We came to Paris to screen documentaries from six different countries, each telling the story of people harmed by nearby coal use. We wanted to help bring forward these local voices to be heard by the international negotiators.

I’ve been thinking about what I can tell Jim about these Paris talks. Should he have reason for hope? Were his fears confirmed?

And, I think the answer may surprise him.

I’ll start by telling him about the sense of optimism that pervades the talks this week. A formal international agreement will likely be reached, and the agreement—however flawed and incomplete—will generate momentum and send an important signal to markets and energy companies, scientists and religious leaders, nations and their citizens, all of us really, that the world is ready and serious to move beyond fossil fuels to a clean energy economy.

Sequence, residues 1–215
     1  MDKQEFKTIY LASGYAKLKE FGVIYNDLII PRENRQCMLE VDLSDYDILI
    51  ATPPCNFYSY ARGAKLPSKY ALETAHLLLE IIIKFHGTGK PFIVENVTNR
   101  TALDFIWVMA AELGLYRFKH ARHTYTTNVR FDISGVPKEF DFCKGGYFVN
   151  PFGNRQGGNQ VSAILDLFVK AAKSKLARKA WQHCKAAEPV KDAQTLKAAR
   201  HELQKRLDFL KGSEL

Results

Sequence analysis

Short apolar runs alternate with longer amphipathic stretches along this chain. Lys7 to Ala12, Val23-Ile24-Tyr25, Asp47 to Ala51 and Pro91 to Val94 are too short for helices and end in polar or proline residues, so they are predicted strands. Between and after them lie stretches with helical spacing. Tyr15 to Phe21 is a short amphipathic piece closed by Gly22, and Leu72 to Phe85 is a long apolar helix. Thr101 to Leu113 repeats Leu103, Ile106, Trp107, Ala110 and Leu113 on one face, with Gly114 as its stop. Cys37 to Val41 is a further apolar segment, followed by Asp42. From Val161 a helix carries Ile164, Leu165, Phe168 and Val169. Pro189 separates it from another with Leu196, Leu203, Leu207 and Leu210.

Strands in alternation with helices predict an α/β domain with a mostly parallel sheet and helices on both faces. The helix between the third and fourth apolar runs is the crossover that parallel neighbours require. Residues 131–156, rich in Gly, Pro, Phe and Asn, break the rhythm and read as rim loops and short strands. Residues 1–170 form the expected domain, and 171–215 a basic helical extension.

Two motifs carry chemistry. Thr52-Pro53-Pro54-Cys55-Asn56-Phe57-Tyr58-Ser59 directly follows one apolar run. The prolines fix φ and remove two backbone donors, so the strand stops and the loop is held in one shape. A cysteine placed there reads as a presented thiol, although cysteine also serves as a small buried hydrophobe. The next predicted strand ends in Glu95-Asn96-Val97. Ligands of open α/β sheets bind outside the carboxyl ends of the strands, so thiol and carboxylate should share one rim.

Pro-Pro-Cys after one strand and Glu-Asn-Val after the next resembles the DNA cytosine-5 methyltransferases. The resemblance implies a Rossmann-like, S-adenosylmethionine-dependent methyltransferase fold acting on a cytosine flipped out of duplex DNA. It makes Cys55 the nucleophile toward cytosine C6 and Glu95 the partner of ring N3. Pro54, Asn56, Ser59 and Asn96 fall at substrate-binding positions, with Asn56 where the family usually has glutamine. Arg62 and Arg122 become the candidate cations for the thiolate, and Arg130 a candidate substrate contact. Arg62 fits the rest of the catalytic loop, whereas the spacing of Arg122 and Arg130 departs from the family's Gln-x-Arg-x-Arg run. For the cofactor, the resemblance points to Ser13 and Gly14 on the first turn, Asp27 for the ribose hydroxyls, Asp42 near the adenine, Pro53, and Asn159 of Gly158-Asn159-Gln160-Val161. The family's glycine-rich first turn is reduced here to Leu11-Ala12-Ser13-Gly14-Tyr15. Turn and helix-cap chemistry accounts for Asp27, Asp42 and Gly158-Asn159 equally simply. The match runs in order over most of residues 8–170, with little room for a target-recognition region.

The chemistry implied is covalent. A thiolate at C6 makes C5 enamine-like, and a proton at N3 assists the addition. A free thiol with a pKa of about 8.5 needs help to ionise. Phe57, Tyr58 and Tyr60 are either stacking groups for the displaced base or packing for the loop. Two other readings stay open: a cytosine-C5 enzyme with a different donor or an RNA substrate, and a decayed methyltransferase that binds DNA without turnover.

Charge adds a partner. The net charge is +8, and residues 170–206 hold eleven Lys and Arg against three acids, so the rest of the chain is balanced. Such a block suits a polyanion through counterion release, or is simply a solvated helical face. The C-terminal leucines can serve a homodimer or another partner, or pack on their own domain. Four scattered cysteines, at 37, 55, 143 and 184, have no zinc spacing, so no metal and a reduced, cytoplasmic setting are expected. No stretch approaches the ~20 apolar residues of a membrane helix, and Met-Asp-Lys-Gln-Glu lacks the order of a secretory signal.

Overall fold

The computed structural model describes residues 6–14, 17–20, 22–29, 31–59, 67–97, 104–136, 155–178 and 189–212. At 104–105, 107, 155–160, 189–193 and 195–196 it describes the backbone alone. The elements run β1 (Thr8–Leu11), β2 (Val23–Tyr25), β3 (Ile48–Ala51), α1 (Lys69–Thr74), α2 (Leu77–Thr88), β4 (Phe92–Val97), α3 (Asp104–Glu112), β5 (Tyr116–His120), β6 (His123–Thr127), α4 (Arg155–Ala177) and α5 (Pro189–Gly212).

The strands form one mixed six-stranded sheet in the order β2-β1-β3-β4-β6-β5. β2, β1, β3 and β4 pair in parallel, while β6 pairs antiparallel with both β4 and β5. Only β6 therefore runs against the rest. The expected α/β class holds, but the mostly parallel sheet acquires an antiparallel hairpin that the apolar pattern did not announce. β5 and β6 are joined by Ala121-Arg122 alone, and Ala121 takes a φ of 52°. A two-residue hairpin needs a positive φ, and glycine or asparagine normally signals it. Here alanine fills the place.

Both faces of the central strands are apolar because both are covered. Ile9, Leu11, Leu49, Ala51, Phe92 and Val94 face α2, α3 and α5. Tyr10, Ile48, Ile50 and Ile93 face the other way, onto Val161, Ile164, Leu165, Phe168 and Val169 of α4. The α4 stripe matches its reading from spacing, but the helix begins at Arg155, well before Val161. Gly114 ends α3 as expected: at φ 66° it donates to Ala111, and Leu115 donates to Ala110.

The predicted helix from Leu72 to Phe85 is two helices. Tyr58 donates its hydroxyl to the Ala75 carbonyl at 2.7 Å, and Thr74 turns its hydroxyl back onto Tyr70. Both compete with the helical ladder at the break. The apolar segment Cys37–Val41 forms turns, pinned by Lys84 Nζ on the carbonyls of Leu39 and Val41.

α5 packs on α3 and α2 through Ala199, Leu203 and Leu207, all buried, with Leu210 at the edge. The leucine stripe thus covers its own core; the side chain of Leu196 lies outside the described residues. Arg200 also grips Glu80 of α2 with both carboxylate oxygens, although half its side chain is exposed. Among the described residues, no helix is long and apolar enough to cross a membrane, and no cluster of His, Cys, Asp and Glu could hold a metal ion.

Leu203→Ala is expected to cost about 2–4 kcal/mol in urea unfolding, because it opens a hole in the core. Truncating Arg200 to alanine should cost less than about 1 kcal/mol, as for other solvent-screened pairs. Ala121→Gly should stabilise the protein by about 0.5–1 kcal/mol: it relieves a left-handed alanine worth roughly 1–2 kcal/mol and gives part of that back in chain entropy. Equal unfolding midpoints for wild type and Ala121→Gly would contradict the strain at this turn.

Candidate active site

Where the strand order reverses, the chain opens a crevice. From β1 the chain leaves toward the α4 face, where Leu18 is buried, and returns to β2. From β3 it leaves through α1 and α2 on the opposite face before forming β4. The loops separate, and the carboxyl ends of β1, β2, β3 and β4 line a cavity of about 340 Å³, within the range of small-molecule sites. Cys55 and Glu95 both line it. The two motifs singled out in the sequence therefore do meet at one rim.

But, the real story of Paris has truly been the transcendent power of an increasingly massive, diverse, and global climate activism. This activism goes well beyond the environmental movement, which is indeed here in force. It includes a massive showing by city mayors, states and provinces, CEOs, ocean scientists, climate economists, writers and filmmakers, college students and school children, health experts and activists, radicals and militant moderates.

These folks didn’t just show up these two weeks. They’ve been working for years, with accelerating success the past 5-10 years. They are the story of Paris. They created the momentum that the world leaders at Paris are building upon, and they will be the frontrunners, post-Paris, in fighting to accelerate the world’s clean energy transformation quickly enough to keep us below a temperature rise of 2 degrees Celsius (3.6 degrees Fahrenheit).